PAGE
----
The Village of Doral Place, a 331-unit condominium located in Miami-Dade County, Fla., has common areas that include a parcel of land on which the swimming pool is located. The county tax assessor sent the tax bill for this parcel to the complex’s property management company, where it was neither paid nor forwarded to the homeowners association (HOA).

The county then sold a tax certificate for the parcel to a local bank, who resold it to a private company, who then bought the property at public sale. The buyers — RU4Real Inc. and For Sale by Owner Realty Inc. — subsequently fenced off the swimming pool, barring condo unit owners from accessing the pool.

The Village of Doral Place, a 331-unit condominium located in Miami-Dade County, Fla., has common areas that include a parcel of land with a swimming pool. The county tax assessor sent the tax bill for this parcel to the complex’s property management company, where it was neither paid nor forwarded to the homeowners association (HOA).

The county then sold a tax certificate for the parcel to a local bank, which resold it to a private company, which in turn bought the property at public sale. The buyers — RU4Real Inc. and For Sale by Owner Realty Inc. — subsequently fenced off the swimming pool, barring condo-unit owners from accessing the pool.

The HOA sued in Village of Doral Place Association Inc. v. RU4Real Inc. et al. At trial, the court refused to set aside the sale and tax deed, citing Florida Statute 194.171(2), which states: "(n)o action shall be brought to contest a tax assessment after 60 days from the date (of) the assessment."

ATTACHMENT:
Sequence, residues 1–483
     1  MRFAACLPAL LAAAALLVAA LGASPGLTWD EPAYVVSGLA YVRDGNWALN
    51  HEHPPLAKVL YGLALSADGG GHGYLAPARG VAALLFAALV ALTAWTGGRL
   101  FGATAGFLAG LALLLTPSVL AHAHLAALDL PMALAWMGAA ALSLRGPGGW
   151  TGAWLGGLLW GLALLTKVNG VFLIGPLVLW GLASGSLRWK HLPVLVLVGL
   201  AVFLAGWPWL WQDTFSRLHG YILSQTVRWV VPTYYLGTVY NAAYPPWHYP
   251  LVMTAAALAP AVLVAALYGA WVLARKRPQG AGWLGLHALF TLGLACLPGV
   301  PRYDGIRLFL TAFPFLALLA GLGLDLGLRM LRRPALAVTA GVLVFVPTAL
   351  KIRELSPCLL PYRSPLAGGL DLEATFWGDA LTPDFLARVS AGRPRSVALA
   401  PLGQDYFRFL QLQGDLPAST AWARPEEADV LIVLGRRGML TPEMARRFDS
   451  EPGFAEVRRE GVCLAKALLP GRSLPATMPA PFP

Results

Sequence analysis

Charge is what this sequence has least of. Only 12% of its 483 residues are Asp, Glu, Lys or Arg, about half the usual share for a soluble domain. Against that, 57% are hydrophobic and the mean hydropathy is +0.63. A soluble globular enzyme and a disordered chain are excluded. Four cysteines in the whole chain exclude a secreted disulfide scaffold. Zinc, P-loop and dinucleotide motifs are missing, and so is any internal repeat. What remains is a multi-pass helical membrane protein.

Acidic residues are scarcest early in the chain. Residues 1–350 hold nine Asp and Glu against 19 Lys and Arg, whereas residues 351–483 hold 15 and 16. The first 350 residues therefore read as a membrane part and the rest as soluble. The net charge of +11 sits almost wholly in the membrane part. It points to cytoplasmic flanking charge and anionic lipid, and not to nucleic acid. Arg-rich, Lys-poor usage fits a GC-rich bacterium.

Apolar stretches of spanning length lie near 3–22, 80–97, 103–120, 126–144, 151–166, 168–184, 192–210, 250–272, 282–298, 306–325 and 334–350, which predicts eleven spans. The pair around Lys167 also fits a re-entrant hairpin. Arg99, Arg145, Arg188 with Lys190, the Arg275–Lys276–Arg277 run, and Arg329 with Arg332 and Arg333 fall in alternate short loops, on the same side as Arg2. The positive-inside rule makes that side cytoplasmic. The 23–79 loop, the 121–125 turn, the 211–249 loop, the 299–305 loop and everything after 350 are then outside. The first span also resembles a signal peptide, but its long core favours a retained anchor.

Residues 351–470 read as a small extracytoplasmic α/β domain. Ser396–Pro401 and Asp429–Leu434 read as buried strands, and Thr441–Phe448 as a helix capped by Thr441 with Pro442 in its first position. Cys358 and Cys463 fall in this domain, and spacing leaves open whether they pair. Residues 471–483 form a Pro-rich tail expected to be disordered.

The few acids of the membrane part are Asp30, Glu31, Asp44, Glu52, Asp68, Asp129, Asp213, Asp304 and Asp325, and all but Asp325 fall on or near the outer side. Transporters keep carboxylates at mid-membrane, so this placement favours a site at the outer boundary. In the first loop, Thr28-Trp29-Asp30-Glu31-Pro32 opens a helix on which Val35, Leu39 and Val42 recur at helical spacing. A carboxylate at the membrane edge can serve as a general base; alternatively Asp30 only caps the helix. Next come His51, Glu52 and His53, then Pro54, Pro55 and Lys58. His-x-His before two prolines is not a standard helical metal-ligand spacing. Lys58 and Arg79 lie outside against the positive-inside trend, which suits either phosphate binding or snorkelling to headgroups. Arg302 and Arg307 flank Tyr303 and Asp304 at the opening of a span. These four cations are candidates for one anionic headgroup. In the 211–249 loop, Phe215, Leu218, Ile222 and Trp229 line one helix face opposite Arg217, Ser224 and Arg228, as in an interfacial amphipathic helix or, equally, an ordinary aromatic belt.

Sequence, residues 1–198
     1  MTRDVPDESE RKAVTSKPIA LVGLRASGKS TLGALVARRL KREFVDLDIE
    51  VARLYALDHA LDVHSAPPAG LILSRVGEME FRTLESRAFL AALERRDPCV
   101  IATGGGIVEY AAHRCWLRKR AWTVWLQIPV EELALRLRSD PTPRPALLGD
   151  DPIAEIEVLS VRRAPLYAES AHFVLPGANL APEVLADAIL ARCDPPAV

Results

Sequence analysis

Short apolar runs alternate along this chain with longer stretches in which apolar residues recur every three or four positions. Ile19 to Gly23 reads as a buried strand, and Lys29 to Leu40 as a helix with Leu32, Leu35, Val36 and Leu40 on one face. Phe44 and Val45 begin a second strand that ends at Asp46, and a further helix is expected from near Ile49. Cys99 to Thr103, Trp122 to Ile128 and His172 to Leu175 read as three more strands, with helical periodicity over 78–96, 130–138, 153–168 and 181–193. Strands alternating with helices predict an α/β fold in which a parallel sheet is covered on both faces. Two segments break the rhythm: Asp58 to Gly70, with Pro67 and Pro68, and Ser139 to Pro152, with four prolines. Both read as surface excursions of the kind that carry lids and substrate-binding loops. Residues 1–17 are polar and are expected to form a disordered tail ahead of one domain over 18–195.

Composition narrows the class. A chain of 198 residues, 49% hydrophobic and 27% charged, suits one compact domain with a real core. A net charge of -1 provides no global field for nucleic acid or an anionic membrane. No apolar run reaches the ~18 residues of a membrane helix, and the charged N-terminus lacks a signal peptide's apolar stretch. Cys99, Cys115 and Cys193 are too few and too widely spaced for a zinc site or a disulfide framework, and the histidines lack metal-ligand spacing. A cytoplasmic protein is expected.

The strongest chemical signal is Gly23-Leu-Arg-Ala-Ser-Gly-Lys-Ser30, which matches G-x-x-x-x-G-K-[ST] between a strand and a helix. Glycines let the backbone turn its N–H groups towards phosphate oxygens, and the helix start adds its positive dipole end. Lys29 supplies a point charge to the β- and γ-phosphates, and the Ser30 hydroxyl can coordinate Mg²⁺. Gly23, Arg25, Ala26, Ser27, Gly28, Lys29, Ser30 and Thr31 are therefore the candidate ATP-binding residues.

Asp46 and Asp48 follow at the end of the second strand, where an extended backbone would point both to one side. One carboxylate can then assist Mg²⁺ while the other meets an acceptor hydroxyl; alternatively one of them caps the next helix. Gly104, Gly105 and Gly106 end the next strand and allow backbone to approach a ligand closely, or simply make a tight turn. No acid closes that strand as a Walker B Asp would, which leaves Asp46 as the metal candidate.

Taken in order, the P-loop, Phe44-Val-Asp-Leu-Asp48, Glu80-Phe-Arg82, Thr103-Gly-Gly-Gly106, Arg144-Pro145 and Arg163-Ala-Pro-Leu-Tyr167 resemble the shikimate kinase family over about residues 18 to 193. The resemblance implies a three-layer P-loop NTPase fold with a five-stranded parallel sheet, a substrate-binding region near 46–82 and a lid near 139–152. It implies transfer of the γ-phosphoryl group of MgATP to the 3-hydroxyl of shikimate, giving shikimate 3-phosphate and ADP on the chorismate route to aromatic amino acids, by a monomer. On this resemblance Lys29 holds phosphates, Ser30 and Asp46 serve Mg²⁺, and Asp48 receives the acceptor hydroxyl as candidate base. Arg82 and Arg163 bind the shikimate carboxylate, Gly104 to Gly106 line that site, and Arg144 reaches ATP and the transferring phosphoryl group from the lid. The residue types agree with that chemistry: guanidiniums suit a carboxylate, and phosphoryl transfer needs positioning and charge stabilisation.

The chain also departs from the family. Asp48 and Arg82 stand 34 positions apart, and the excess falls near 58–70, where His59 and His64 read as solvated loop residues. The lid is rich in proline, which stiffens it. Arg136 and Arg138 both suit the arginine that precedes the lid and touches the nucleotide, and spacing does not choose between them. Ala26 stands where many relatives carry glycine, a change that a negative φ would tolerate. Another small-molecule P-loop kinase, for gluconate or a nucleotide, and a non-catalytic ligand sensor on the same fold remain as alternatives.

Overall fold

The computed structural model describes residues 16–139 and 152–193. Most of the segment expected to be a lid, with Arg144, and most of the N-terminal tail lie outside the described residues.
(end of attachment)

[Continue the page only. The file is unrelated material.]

However, the court also ruled that the buyers purchased the property subject to the condominium declaration, so the HOA and buyers would retain the exclusive right to use and obligation to maintain the pool.

Florida’s Third District Court of Appeals reversed the lower court’s ruling upholding the tax sale. First, the court explained, the HOA was not contesting the assessment. Rather, the HOA was contesting the sale. Accordingly, the "no contest" rule of Section 194.171(2) did not apply to bar the HOA’s claim.

Second, Section 718.107 of the Florida Statutes (2003) expressly prohibits any sale of "common elements" of a condominium separate from a condominium unit. Under the statute, "common elements" include "the portions of the condominium property not included in the units." The parcel containing the pool fell within this definition, and so by law could not be sold.

Finally, the court overruled the buyers’ claim that they were entitled to quiet title under 65.081, Florida Statutes (2003): "No defense to the action (to quiet title) or attack upon the tax deed shall be made except the defense that the taxes assessed against the property had been paid by the former owner before issuance of the tax deed."

Citing its responsibility to harmonize conflicting statutes and to avoid absurd results such as the use, maintenance, safety and insurance issues arising from the HOA’s non-ownership of the pool, the court found it "simply beyond belief that the legislature intended such a result."

Accordingly, the court reversed the lower court’s ruling and remanded the case, making it clear that the HOA would be responsible to repay the buyers for the purchase price paid.

Tara-Nicholle Nelson is author of "The Savvy Woman’s Homebuying Handbook" and "Trillion Dollar Women: Use Your Power to Make Buying and Remodeling Decisions." Ask her a real estate question online or visit her Web site, www.rethinkrealestate.com.

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